The imposing FBI director has drawn both praise and scorn from both major parties. But his biggest test – the investigation of Trump’s alleged ties to Russia – lies ahead
Major brands including Verizon and Walmart pulled their ads after they were found to be appearing next to videos promoting extremist views or hate speech
It’s been a bad week for Google, with major brands pulling millions of dollars in advertising amid rows over extremist content on YouTube.
In America, telecom companies AT&T and Verizon, as well as pharmaceutical company GSK, Pepsi, Walmart, Johnson & Johnson and car rental firm Enterprise, have all pulled advertising from Google’s video sharing platform, a contagion spreading from Europe where a number of high-profile advertisers pulled out of YouTube following an investigation by the Times.
Major brands were found to be appearing next to videos promoting extremist views or hate speech, with a cut of the advertising spend going to the creators – the row has now spilled across the Atlantic to the US.
Verizon’s ads featured alongside videos made by Egyptian cleric Wagdi Ghoneim, who was banned from the US over extremism and hate preacher Hanif Qureshi, whose preachings inspired the murder of a politician in Pakistan.
“We are deeply concerned that our ads may have appeared alongside YouTube content promoting terrorism and hate,” an AT&T spokesman said in a statement. “Until Google can ensure this won’t happen again, we are removing our ads from Google’s non-search platforms.”
Following the exodus of some of its high-profile advertisers, Google has publicly apologized and pledged to give brands more control over where their ads appear.
The astrophysicist on curiosity, bad intellectual habits, and reading National Review.
This week, Neil deGrasse Tyson — astrophysicist, author, and director of the Hayden Planetarium in New York City — answers our questions.
What’s the first piece of media you consume every day?
The weather on my smartphone. Next, New York Times articles forwarded to me by my wife.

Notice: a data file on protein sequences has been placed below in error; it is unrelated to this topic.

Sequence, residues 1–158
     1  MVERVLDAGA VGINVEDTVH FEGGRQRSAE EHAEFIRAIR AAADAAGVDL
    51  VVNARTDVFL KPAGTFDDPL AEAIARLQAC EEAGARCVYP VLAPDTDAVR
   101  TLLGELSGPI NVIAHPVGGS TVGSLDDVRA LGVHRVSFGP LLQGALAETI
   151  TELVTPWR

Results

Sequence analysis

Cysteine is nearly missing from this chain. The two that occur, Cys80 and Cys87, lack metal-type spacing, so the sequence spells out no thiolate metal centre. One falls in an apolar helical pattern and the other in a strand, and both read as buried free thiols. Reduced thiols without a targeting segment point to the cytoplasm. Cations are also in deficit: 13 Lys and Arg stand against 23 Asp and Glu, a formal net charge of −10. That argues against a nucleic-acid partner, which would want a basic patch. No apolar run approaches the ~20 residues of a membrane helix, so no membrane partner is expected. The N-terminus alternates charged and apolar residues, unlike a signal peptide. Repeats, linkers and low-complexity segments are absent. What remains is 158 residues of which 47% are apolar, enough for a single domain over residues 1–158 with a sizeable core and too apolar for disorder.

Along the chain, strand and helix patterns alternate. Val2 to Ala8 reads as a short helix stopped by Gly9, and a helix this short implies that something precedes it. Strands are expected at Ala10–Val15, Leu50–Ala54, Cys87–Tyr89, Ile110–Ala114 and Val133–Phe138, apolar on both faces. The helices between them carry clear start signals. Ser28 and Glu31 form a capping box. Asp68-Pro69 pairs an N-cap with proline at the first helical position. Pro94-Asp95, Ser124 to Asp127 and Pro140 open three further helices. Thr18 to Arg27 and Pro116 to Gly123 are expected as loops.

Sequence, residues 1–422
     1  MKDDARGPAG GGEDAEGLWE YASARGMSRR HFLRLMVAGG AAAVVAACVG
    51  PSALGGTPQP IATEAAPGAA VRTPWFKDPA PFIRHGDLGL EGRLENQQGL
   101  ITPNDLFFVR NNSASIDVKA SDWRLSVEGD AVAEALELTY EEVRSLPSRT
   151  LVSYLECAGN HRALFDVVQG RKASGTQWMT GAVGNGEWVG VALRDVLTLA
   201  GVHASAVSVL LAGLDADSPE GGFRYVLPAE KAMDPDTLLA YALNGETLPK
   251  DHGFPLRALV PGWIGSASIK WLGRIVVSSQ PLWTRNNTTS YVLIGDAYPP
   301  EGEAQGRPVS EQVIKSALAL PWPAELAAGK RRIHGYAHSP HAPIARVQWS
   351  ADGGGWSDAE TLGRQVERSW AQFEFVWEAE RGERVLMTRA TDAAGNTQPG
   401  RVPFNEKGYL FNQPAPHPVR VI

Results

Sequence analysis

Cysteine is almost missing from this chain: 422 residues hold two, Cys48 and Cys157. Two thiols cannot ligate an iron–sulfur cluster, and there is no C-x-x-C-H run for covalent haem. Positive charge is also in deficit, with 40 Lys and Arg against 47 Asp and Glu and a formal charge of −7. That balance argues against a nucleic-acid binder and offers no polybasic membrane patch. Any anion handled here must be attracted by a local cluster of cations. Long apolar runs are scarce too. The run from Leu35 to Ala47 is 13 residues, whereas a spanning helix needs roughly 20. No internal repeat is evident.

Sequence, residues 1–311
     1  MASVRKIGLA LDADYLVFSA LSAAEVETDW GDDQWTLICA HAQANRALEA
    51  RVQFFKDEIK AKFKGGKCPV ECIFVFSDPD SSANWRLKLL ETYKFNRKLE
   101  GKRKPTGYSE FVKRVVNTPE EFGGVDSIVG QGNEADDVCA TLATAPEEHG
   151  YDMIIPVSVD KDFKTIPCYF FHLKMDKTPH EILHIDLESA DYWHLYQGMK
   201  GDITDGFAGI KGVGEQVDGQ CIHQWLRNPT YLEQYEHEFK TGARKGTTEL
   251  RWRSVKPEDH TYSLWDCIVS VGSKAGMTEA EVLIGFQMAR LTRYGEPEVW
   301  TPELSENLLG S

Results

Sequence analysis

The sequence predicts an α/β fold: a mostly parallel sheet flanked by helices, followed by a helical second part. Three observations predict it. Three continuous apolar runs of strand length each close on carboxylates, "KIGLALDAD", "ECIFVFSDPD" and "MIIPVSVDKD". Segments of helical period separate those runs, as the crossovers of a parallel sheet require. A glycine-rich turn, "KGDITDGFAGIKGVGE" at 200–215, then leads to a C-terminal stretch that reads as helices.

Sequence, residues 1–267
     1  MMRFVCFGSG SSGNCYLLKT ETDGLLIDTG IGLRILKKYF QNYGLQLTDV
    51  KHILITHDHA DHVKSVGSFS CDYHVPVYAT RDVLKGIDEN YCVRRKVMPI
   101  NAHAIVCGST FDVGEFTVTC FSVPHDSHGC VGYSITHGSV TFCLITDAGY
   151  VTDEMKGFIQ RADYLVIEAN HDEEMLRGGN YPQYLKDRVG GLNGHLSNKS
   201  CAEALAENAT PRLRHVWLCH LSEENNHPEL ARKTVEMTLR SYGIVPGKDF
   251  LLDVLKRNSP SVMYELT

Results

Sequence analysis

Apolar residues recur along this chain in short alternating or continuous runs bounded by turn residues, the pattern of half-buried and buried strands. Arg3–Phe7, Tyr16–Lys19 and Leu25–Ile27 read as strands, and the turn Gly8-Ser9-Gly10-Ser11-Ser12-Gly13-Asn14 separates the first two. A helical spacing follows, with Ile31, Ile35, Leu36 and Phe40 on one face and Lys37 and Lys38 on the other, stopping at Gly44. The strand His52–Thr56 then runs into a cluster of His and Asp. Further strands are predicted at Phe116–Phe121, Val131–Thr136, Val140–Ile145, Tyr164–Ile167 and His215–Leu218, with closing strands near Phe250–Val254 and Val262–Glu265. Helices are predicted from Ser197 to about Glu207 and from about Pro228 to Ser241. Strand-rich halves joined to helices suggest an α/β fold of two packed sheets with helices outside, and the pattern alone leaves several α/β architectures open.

Name a writer or publication you disagree with but still read.
The National Review, on occasion. An attempt to understand the brain wiring of as many points of view as I can.
Who is the person who has most influenced the way you think?
When was the last time you changed your mind about something?
Protection for Bears Ears came in waning days of Obama administration; state leaders object to federal restrictions
President Obama designated Bears Ears, near Bluff, Utah, as a national monument in the final weeks of his presidency, over the objections of Republican leaders in the state. Photo: Jim Carlton/The Wall Street Journal
BLUFF, Utah—The Bears Ears National Monument, just a few months old, has no visitor’s center, information kiosks or even a highway entrance sign.
Chris Russell and his wife, Alissa, learned they had entered the newly protected area only when a visitor informed them on a dusty back road.
“I’m OK with it as long as I can go explore it,” said the 30-year-old Mr. Russell of Dana Point, Calif., as he drove his wife and their 6-year-old son in a four-wheel-drive vehicle on a recent afternoon.
Designated a national monument by Barack Obama in the waning days of his presidency—over objections of many Utah officials–Bears Ears is starting to draw visitors to its buttes, mesas and Native American artifacts in the Four Corners area of Utah.
But as the state’s tourism industry gears up for a new stream of visitors, state political leaders and Utah’s congressional delegation are trying to shut down the national monument and reduce the federal government’s control over its public lands.
Western states have been feuding with the federal government for decades over the U.S.’s control of a vast part of the region’s public lands. Ranchers, miners and other workers in traditional industries believe more stringent environmental policies by the federal government have threatened their way of life, and that animosity has led to a grass-roots movement known as the Sagebrush Rebellion to fight back. Early last year, armed protesters of federal land policy staged a 41-day occupation of the Malheur National Wildlife Refuge in Oregon, which ended after one person was fatally shot in a highway confrontation with police.
DC Police DepartmentA recent missing person tweet from Metro Police Department’s twitter account
The Washington, DC Metro Police Department’s Twitter feed suggests an epidemic of missing children. But are young girls really disappearing from the streets of DC at a high rate?
Metro Police Department (MPD) has always shared some missing persons on social media, but early this year the new police commander decided to use Twitter for every critical case.
“If more people in the public are aware, then that’s more eyes on the road for us,” said Alaina Gertz, a spokesperson for the department.
Since then, the faces behind the nearly 200 people – many of them children, many of them female – who go missing each month have loomed large on social media.
Many see the missing person tweets but often miss the follow-up tweets once someone has been found, says Gertz.
The result is a sense that girls in DC are going missing at an alarming rate – and that no one is paying attention.
A recent social media post claimed, incorrectly, that 14 girls had gone missing this week alone.
Soon the hashtags #findmysisters and #MissingDCgirls were circulating.
“If 14 white suburban teenage girls from Long Island went missing you think @CNN or @FoxNews would report it?” tweeted the singer Richard Marx.